Amgen licenses AMG 634 to MDGH

AMG 634, an investigational treatment for tuberculosis and leprosy, has been licensed to Medicines Development for Global Health

Dec 22, 2020
Mel J. Yeates
Photo by Pawe? Czerwi?ski on Unsplash

THOUSAND OAKS, Calif. & MELBOURNE, Australia— Amgen Inc. and Medicines Development for Global Health (MDGH), a non-profit biopharmaceutical company, reported today that the companies have entered into a license agreement for AMG 634, a phosphodiesterase type 4 (PDE4) inhibitor. The compound is being investigated for the treatment of tuberculosis (TB) and erythema nodosum leprosum (ENL), an inflammatory cutaneous and systemic complication of Hansen’s disease, which is also known as leprosy.  

“Since tuberculosis and erythema nodosum leprosum remain challenging diseases in many countries around the world, Amgen sought an organization that could support the development of AMG 634 to address the global health unmet need,” said Dr. David M. Reese, executive vice president of Research and Development at Amgen. “MDGH’s track record and experience in product development, global health, and neglected infectious diseases makes them an ideal company to further develop AMG 634 for the benefit of patients.”

AMG 634 is currently in Phase 2 development, with a TB study led by the Aurum Institute NPC and an ENL study led by The Leprosy Mission Nepal. Under the terms of the current agreement, MDGH will now have full responsibility for further development and commercialization of AMG 634. However, Amgen has said that the company will continue to support the two Phase 2 clinical trials in ENL and TB that have been scheduled to begin in 2021, by providing study drug to the studies and by funding the ENL study. This support will help to ensure a seamless transition to MDGH.

“We are excited by the potential of AMG 634 for patients with ENL and TB and are honored to take over the stewardship of this compound from Amgen. MDGH is dedicated to developing and delivering medicines for diseases that disproportionally affect people in low- and middle-income countries,” noted Mark Sullivan, founder and managing director of MDGH. “We broke new ground as the first not-for-profit biopharmaceutical company to achieve FDA approval for a treatment for river blindness in 2018, and we will now undertake full development of AMG 634 in hopes of bringing it to patients in need of a treatment for their disease.”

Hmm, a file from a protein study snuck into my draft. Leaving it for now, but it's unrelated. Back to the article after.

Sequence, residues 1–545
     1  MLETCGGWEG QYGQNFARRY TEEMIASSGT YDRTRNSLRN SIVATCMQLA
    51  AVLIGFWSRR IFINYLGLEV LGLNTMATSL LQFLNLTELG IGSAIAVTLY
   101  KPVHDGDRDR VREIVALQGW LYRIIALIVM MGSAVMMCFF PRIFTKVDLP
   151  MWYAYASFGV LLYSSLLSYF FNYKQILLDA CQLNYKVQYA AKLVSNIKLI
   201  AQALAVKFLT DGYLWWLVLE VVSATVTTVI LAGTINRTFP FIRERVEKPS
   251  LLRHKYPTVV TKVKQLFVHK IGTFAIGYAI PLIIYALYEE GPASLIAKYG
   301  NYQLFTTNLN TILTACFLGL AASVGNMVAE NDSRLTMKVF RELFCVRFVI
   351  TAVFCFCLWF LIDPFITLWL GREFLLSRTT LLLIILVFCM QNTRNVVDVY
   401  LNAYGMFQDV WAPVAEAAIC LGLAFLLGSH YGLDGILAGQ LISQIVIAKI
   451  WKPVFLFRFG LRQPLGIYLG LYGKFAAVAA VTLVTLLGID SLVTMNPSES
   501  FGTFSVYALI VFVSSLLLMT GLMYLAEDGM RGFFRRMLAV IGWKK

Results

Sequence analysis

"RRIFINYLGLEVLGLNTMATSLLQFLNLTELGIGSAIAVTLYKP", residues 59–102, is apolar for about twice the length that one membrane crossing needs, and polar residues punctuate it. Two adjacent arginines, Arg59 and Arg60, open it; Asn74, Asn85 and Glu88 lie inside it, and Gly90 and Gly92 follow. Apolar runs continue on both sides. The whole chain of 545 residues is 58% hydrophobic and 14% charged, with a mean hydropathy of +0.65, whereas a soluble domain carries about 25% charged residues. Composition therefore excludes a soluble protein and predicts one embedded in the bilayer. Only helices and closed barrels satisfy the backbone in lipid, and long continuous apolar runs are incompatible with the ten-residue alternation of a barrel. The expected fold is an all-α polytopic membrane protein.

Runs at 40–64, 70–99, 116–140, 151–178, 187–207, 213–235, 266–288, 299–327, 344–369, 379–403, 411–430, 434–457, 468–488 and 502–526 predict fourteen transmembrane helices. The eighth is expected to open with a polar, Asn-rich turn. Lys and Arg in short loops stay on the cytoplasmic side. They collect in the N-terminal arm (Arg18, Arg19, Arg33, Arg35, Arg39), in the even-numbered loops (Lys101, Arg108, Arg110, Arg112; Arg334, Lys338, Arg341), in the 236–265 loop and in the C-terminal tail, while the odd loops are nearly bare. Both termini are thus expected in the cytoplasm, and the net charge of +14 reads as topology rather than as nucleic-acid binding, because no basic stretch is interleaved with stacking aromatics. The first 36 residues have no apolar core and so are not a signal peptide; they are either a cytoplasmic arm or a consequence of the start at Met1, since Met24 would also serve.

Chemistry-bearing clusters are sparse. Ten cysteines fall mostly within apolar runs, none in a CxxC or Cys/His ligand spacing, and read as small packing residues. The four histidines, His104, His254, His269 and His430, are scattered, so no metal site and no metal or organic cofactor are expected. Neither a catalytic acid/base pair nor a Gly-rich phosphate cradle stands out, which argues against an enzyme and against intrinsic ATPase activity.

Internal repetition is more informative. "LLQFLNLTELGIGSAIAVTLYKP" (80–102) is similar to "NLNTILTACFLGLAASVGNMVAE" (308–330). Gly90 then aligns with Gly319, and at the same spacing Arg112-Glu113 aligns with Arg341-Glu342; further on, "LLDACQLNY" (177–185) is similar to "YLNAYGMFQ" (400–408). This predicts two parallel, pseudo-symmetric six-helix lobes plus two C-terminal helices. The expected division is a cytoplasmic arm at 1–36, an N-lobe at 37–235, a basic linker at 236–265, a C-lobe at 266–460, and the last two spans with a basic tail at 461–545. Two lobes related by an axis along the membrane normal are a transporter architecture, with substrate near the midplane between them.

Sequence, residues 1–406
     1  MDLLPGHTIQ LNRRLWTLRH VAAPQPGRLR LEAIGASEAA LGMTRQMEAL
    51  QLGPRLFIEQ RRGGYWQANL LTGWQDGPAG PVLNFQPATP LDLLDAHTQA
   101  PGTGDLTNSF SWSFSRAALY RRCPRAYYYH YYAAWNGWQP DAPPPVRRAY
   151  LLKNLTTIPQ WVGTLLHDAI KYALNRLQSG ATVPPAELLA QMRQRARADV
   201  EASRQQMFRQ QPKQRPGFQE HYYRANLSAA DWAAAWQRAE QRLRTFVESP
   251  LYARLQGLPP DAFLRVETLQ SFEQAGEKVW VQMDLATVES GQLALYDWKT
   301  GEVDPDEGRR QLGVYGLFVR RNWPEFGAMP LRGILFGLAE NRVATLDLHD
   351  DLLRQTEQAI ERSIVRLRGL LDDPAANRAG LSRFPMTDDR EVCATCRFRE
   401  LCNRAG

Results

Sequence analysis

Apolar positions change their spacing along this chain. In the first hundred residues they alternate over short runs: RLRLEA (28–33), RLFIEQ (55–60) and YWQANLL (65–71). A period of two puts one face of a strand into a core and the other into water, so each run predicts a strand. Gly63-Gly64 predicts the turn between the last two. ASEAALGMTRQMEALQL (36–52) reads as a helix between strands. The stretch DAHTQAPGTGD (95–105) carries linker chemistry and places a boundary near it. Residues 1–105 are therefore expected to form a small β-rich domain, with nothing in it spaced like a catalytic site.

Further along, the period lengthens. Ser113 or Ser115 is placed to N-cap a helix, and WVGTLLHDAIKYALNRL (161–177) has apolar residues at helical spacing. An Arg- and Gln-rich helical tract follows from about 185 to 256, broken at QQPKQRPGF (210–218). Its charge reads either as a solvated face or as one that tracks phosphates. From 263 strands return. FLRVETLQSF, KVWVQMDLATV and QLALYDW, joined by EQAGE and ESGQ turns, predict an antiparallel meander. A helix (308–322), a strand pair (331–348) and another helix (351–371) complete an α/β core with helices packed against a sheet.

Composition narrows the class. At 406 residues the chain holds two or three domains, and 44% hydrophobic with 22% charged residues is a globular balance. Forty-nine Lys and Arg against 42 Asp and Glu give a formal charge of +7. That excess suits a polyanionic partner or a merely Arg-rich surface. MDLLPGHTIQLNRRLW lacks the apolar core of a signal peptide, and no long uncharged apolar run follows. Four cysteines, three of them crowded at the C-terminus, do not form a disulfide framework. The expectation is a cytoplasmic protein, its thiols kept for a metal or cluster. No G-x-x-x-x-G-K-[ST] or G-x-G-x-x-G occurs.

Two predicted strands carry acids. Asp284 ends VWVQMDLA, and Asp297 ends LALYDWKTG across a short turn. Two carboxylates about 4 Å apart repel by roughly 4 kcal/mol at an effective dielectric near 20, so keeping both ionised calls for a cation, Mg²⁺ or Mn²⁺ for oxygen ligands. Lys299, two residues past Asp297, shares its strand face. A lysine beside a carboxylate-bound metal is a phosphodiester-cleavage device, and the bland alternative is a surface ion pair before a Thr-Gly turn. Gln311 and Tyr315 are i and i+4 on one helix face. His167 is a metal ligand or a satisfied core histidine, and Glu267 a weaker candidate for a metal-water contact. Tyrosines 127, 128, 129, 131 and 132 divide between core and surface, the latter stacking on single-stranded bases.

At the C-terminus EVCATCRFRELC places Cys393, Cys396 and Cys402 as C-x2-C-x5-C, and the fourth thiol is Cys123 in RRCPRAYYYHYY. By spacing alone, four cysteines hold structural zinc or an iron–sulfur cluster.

Amgen has also announced the company’s submission of a Marketing Authorization Application (MAA) to the European Medicines Agency (EMA) for sotorasib, an investigational KRASG12C inhibitor, for the treatment of adult patients with previously treated KRAS G12C-mutated locally advanced or metastatic non-small cell lung cancer (NSCLC).

“Just over two years since the first patient was dosed, sotorasib is now on track to potentially be the first approved targeted therapy for patients with previously treated NSCLC harboring the KRAS G12C mutation. With this submission to EMA, Amgen is continuing to rapidly advance the KRASG12C inhibitor clinical program to bring this innovative potential therapy to patients globally as quickly as possible,” stated Reese.

Amgen points out that this submission is supported by positive Phase 2 results from the CodeBreak 100 clinical study, in patients with locally advanced or metastatic NSCLC with KRAS G12C mutation whose cancer had progressed despite prior treatment with chemotherapy and/or immunotherapy. And in a Phase 1 study, treatment with sotorasib provided durable anticancer activity with a positive benefit-risk profile. These data are set to be presented at the International Association for the Study of Lung Cancer’s 2020 World Conference on Lung Cancer in January 2021.

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